SC210 CED--Science and Technology in Society--Summer II 2012
Online, Asynchronous






The Textbooks


Course Description


Course Objectives


Course Policies


Grading System


Course Schedule
        

Prof. Thomas A. Easton


Photo of Professor Easton
        
OFFICE: Rm. 108

OFFICE HOURS: N.A.

OFFICE PHONE: 859-1331

CELL PHONE: 781-492-4710

CANCELLATION PHONE NUMBER: 859-1140

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THE TEXTBOOKS


Volti, Society and Technological Change, Worth, 6th ed., 2009 (ISBN: 978-1429221214)

Easton, Taking Sides: Clashing Views on Controversial Issues in Science, Technology, and Society, McGraw-Hill, 10th ed., 2012 (ISBN: 978-0-07-805027-5)


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COURSE DESCRIPTION


SC210 surveys the relationship between science and society and considers a number of current scientific and technological issues. Students who complete the course will understand the place of and restraints on science, technology, and the scientific approach in modern life.

See "Course policies" below for details on testing and grading.


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COURSE OBJECTIVES


After completing this course, students will be able to:
  • Explain the nature of science and technology
  • Explain the sources of technological change
  • Explain the restraints on science and technology in modern society
  • Explain how science and technology affect the conditions of human life


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COURSE POLICIES


Since this course is online in asynchronous mode, there will be no classroom meetings and no live chats. Students are expected to do the reading, participate in the discussions on the Discussion Board, and produce seven weekly papers (5-10 pp.). Papers should represent both thought and research; use EBSCO (available from the Thomas College library's web page). No paper will be due the first week.


The student's grade will be based equally on the seven papers and participation.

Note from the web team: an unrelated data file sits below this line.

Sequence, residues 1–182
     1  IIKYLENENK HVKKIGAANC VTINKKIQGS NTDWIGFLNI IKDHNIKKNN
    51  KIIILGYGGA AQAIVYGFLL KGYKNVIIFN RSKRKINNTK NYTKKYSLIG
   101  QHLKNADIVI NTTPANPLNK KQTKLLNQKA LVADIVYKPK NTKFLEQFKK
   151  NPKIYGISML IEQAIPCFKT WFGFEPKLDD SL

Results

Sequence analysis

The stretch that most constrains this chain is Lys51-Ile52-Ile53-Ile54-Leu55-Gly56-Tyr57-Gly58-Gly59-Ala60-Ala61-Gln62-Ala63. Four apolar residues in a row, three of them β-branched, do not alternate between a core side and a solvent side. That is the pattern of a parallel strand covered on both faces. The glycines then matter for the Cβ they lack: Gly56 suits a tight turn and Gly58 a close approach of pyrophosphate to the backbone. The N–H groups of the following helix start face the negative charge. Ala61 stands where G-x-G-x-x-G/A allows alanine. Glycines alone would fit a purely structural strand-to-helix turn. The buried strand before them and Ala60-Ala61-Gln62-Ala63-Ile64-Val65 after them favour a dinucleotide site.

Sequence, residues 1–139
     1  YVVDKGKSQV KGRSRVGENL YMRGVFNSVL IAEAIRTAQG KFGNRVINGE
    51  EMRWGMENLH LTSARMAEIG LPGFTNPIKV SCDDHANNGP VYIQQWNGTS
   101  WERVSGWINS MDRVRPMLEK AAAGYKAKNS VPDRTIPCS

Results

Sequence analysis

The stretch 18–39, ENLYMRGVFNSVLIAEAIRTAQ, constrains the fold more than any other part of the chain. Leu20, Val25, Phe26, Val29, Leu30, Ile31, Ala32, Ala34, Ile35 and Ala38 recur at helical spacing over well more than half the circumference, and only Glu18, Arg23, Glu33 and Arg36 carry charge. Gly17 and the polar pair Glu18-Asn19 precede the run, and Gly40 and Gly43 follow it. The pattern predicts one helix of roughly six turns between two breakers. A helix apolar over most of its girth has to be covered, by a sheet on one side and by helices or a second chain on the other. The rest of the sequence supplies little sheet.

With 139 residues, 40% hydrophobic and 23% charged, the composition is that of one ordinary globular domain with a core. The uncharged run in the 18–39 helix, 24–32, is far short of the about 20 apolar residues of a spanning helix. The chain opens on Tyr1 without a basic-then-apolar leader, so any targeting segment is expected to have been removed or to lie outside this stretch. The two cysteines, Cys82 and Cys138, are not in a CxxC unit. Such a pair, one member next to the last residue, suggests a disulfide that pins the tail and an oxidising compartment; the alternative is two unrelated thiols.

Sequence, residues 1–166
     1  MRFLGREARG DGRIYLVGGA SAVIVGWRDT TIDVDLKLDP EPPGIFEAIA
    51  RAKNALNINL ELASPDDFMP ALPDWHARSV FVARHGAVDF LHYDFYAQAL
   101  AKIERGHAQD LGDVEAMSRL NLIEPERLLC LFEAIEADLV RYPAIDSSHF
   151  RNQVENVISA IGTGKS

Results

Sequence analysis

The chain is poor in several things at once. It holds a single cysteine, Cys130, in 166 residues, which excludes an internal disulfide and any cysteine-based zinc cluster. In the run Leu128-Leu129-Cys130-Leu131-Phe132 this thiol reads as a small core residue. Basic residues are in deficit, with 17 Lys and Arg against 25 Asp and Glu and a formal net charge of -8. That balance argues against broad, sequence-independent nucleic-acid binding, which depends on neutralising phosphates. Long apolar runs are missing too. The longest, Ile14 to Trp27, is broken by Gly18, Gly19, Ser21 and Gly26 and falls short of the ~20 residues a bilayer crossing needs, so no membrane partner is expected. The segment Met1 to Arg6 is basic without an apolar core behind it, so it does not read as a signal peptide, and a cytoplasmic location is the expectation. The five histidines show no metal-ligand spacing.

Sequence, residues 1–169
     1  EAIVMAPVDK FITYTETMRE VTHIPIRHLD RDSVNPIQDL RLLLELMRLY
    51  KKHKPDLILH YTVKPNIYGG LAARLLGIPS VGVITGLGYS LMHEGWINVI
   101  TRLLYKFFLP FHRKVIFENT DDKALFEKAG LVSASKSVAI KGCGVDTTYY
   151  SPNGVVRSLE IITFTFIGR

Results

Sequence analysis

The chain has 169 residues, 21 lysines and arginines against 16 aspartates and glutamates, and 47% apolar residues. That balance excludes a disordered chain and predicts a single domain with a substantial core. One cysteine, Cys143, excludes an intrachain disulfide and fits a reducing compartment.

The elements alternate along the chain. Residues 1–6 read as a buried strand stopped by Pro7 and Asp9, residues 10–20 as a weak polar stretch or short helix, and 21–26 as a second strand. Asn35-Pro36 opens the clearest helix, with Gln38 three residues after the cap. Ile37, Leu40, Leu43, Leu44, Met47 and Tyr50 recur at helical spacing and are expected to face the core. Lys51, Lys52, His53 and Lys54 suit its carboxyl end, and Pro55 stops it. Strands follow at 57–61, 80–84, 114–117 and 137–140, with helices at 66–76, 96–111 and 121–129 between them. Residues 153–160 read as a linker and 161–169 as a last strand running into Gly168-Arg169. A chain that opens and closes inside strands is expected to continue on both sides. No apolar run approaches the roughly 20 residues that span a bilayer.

Students who plagiarize papers will receive zeros for the work in question, with no makeup opportunities.

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GRADING SYSTEM

A (94 - 100)      A- (90 - 93)
B+ (87 - 89)     B (83 - 86)    B- (80 - 82)
C+ (77 - 79)     C (73 - 76)     C- (70 - 72)
D+ (67 - 69)     D (63 - 66)    D- (60 - 62)
F (below 60)



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COURSE SCHEDULE

CAUTION: COURSE SCHEDULE SUBJECT TO CHANGE WITHOUT WARNING!


DATE TOPIC ASSIGNMENT
   
Week of July 2 The Nature of Technology Volti, Ch. 1 -- Lecture Notes
The Scientific Approach Easton, Introduction
Paper #1 (due next week) In both science and technology, something is accepted as true if it can be demonstrated.  Is it true that colors exist?  Devise a way to convince a red-green colorblind person (who cannot tell the difference between red and green) that there is in fact a difference.
Week of July 9 Sources & Effects of Technological Change Volti, Chh. 2 & 3 -- Lecture Notes
Science, Education, & Religion Easton, Issue 2
Paper #2 (due next week) What part does education (at all levels) play in promoting technological change?
Week of July 16 Scientific Knowledge and Technological Advance Volti, Ch. 4 -- Lecture Notes
Diffusion of Technology Volti, Ch. 5
Paper #3 (due next week) Choose a technology and explain why it might be considered subversive (meaning undermining of established authority).  Explain how (with examples) fears that a technology might be subversive might hold back the development of the technology.
Week of July 23 Technology, Energy, & the Environment Volti, Ch. 6 -- Lecture Notes
  Climate Engineering Easton, Issue 4
Reviving Nuclear Power Easton, Issue 5
Paper #4 (due next week) Research the March 2011 Fukushima nuclear disaster and identify the technological issues that led to the disaster.  Explain what might have been done differently.
Week of July 30 Medical & Biological Technologies Volti, Ch. 7 -- Lecture Notes
  Genetically Modified Foods Easton, Issue 11
Paper #5 (due next week) When the demand for a medical technology exceeds the supply, how should society determine who gets to be treated? Ability to pay? "Merit" of the patient? Who should decide?
Week of August 6 Medical and Biological Technologies Volti, Ch. 8 -- Lecture Notes
Transhumanism Easton, Issue 19
Paper #6 (due next week) Just how far should people be allowed to go with using technology to modify the human body?  Relate your thoughts to Paper #3 above.
Week of August 13 Work in Nonindustrial Societies Volti, Ch. 9 -- Lecture Notes
Technology and Jobs Volti, Ch. 10
  Technological Change & Life on the Job Volti, Ch. 11
Robots vs. Jobs Easton, New Issue Handout
Paper #7 (due next week) It seems fair to say that technological change will continue and that jobs will continue to be lost. How should people currently in college prepare for such changes in their future? Use the potential development of nanotechnology or robotics as an example.
Week of August 20 Printing Volti, Ch. 12 -- Lecture Notes
The Electronic Media Volti, Ch. 13
Thinking Machines Easton, Issue 15




Syllabus last modified April 18, 2012.